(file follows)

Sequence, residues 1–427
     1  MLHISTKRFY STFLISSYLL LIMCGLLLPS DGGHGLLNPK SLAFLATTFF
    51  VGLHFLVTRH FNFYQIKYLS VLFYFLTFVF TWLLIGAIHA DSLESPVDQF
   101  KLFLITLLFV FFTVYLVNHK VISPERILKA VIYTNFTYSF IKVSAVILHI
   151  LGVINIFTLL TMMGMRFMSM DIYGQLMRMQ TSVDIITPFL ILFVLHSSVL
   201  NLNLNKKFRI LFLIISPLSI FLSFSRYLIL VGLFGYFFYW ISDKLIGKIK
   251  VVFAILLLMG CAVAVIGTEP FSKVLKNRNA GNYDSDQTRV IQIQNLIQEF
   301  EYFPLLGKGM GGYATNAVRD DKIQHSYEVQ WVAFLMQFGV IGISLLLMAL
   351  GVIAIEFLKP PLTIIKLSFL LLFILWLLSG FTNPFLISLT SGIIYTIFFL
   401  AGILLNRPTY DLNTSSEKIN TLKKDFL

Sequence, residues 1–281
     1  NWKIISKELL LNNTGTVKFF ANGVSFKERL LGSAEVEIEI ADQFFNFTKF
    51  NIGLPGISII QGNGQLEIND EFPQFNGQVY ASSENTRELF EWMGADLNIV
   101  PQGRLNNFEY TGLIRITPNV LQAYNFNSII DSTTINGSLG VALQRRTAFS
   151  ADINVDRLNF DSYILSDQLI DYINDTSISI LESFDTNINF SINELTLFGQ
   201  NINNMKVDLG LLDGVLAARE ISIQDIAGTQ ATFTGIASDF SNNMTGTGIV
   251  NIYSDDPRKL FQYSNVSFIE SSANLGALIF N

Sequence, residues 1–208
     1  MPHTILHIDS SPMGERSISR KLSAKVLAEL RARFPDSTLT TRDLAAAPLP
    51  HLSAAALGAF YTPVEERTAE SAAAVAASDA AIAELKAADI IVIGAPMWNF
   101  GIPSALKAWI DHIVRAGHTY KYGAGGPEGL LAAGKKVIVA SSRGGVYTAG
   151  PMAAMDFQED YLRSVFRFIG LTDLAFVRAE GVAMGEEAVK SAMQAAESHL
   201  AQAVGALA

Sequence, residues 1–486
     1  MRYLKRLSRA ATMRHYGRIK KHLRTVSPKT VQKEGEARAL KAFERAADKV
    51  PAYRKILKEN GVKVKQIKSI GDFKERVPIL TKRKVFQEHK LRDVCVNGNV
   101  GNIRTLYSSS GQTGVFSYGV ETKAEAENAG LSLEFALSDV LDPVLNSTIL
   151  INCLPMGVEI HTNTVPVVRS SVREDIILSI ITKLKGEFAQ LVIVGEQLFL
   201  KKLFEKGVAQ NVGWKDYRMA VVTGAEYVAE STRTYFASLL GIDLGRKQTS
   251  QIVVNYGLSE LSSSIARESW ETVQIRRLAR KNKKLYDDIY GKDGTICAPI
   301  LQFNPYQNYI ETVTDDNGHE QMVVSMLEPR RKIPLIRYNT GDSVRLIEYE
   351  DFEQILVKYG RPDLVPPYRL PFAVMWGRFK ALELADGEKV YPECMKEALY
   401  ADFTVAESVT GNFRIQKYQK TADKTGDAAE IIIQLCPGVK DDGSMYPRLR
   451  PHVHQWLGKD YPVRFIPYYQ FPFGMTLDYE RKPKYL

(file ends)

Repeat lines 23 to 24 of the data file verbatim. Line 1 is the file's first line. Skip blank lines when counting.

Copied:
   201  AQAVGALA

Sequence, residues 1–486